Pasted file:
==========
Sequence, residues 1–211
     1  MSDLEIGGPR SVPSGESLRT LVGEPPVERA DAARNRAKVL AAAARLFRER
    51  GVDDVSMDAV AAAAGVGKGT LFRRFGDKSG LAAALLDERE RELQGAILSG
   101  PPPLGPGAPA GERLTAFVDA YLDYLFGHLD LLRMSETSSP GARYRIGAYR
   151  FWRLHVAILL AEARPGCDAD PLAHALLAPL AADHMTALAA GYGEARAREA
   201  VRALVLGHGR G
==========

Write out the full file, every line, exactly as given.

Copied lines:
Sequence, residues 1–211
     1  MSDLEIGGPR SVPSGESLRT LVGEPPVERA DAARNRAKVL AAAARLFRER
    51  GVDDVSMDAV AAAAGVGKGT LFRRFGDKSG LAAALLDERE RELQGAILSG
   101  PPPLGPGAPA GERLTAFVDA YLDYLFGHLD LLRMSETSSP GARYRIGAYR
   151  FWRLHVAILL AEARPGCDAD PLAHALLAPL AADHMTALAA GYGEARAREA
   201  VRALVLGHGR G